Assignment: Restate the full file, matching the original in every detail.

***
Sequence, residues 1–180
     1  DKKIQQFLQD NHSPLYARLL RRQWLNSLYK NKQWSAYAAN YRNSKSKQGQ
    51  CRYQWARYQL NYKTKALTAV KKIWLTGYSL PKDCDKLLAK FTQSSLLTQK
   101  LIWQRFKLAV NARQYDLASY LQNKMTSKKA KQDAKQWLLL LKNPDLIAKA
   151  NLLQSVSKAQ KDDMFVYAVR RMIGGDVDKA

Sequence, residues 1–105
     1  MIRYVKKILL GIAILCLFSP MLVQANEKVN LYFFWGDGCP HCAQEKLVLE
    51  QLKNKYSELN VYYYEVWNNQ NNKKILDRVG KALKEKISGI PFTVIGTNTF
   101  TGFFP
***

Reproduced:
Sequence, residues 1–180
     1  DKKIQQFLQD NHSPLYARLL RRQWLNSLYK NKQWSAYAAN YRNSKSKQGQ
    51  CRYQWARYQL NYKTKALTAV KKIWLTGYSL PKDCDKLLAK FTQSSLLTQK
   101  LIWQRFKLAV NARQYDLASY LQNKMTSKKA KQDAKQWLLL LKNPDLIAKA
   151  NLLQSVSKAQ KDDMFVYAVR RMIGGDVDKA

Sequence, residues 1–105
     1  MIRYVKKILL GIAILCLFSP MLVQANEKVN LYFFWGDGCP HCAQEKLVLE
    51  QLKNKYSELN VYYYEVWNNQ NNKKILDRVG KALKEKISGI PFTVIGTNTF
   101  TGFFP